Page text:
Your company is moving to a new location and your boss has asked you to either manage or help coordinate the move. While this might seem like a daunting task, you can make it much easier by creating a step-by-step plan that covers all the bases.
Check out the new space
Visit the new office space or get a floor plan layout with dimensions. This will help you determine how your current furniture and equipment (such as desks and copy machines) will fit into the new space. Ask your boss or the HR manager where he or she wants each employee or department located in the space.
Solicit employee input as to how they’d like the office to flow, including where to place the breakroom, office supplies, copy machine and conference room. Share a final layout with whichever manager will make the final decisions for the new office space.
Create a reverse chronological timeline
Starting with your move-in day, create a calendar that lets you know when you will need to have each task completed, such as switching phone service, notifying customers and alerting delivery companies. In addition to using a to-do list on your computer, use a large paper or dry erase wall calendar that’s easy to update. A large physical calendar lets others in the office quickly see the moving schedule and it keeps your deadlines in front of you.
Contact your vendors and suppliers
Let the people who provide you goods and services know when you’re moving and how you should facilitate the transfer, termination or setup of the following:
- Internet and IT network
- Security systems
- Water coolers, coffee machines, copiers, etc.
- Deliveries (USPS, UPS, FedEx)
Work with your vendors to create a business continuity plan to make sure you don’t miss any phone calls, emails, faxes and deliveries.
Manage employee communications
Let your employees know that the company is moving, when the move will take place and where you’ll be moving. Solicit input from the staff and answer any questions they might have. You’ll need to provide instructions for staff members regarding how they must pack up their desks, computers and other items.
You’ll also need to discuss business continuity with staff members. If you are a business that requires customers to come to your location, you won’t be able to serve them during the move. If you service clients virtually or offsite, however, you might still be able to work with them during moving day. Your manager or HR department might need to approve and help with this, such as giving certain employees the OK to work from home during the day of the move, or scheduling certain employees to relocate to the new building first or last so they can continue to service clients for most of the day.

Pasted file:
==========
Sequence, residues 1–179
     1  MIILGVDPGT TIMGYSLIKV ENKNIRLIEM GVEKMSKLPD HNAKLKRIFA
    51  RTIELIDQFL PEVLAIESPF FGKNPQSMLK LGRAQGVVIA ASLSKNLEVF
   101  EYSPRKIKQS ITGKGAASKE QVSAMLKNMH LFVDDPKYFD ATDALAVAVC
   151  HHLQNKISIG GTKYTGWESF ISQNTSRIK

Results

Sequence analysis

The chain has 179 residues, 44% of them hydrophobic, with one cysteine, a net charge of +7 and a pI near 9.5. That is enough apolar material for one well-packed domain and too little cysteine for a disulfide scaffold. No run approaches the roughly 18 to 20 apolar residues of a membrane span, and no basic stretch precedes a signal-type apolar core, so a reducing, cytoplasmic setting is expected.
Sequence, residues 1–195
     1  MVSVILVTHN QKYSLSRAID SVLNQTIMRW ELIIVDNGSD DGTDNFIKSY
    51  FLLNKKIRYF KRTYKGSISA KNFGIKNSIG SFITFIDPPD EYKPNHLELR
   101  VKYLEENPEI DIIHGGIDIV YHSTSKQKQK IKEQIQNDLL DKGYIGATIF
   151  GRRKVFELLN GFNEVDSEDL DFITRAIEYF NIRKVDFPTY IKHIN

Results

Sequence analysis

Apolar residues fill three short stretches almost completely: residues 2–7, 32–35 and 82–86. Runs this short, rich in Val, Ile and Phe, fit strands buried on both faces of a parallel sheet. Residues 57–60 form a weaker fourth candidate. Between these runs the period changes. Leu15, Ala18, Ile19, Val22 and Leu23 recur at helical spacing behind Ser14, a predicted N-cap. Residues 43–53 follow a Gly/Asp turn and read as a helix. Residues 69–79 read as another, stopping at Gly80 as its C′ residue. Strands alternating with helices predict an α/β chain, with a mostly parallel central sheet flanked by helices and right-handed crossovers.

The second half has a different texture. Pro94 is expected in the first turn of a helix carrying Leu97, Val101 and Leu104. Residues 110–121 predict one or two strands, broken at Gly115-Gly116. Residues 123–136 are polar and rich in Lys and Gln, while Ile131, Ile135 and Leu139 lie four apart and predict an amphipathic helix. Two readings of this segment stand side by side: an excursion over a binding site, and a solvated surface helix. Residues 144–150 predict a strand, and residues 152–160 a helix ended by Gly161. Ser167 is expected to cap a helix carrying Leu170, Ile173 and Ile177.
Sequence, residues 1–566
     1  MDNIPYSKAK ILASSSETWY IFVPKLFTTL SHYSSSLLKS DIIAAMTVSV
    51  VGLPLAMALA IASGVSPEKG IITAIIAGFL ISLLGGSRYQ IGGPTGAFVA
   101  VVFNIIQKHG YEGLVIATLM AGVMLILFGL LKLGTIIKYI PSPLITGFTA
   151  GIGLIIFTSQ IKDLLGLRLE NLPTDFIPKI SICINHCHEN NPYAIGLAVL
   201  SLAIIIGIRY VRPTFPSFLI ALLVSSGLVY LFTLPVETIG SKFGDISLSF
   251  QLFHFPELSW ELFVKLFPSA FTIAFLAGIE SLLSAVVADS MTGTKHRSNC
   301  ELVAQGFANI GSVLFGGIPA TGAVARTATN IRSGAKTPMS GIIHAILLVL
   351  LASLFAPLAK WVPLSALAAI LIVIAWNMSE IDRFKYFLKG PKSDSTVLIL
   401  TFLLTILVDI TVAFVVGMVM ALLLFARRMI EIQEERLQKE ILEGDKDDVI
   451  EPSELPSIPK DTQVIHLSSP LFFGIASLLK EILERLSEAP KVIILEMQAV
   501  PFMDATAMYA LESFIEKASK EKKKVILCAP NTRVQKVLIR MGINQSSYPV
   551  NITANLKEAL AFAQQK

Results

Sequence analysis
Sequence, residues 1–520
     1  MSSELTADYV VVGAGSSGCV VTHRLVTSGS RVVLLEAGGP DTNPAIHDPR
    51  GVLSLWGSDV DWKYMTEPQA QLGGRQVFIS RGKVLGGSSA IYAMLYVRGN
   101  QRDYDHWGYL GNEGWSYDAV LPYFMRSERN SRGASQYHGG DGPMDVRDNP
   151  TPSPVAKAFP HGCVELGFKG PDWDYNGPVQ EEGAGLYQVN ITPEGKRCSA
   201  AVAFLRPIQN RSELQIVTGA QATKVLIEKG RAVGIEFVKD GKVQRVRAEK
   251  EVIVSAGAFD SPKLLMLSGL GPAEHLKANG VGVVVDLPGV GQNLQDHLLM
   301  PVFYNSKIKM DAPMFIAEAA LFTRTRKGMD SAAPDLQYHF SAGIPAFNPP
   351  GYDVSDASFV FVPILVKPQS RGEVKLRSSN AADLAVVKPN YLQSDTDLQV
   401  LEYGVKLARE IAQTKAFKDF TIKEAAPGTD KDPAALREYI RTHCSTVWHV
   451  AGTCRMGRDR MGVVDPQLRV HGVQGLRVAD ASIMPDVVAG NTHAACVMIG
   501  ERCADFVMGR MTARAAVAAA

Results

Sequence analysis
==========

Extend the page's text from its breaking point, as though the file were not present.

Create a supply list
Write a list of all the things you’ll need to pack, move and unpack your office equipment and supplies. Things you’ll need will include:
- Packing tape
- Padding and blankets
- Packing box stuffing (peanuts, bubble wrap, newspapers)
- Box cutting knives
Hire a moving company
If you’re using professional movers, use the Internet to research companies, looking for unbiased reviews from other businesses. Get a copy of each finalist moving company’s contract and read the fine print to avoid surprise charges such as extra fees for boxes and tape (which could add up to hundreds of dollars).
Once you hire a mover, give the company a copy of the office layout you created and ask the movers how they want boxes marked so they can be placed in the correct offices. Using your office layout, you can also give directions to the moving company by placing signs in the new space before moving day, such as “Bob Smith’s office here,” “Copy machine here,” or “Art department here.” Use markers to write information on boxes to facilitate this process.
Plan for safety and security
Moving day can be hectic and is a perfect opportunity for thieves. Depending on how many people you have in your current office and the new space, someone with a uniform might be able to easily enter your office and walk away with boxes of supplies or computers. Hire or appoint one person to stand at the doorway of both your current and new office and to check the ID of anyone they don’t recognize. Make sure to back up all computers and to safeguard paper documents you might be transferring during the move.
Contact your customers
Let your customers know you’ll be moving, why it’s good for your company and why it’s good for your customers. Make sure they know that your transition will be seamless and your company will be be able to serve their needs during the move. Send pre and post-move announcements to make sure your customers know your new location.
Perform a final walk-through
After everything and everyone is out of your old office, do a walk-through to see if you need to make any repairs before you perform the final inspection with the building manager or landlord. Take photographs of the space to protect you in the event you are later charged for damages you don’t believe existed when you moved out.
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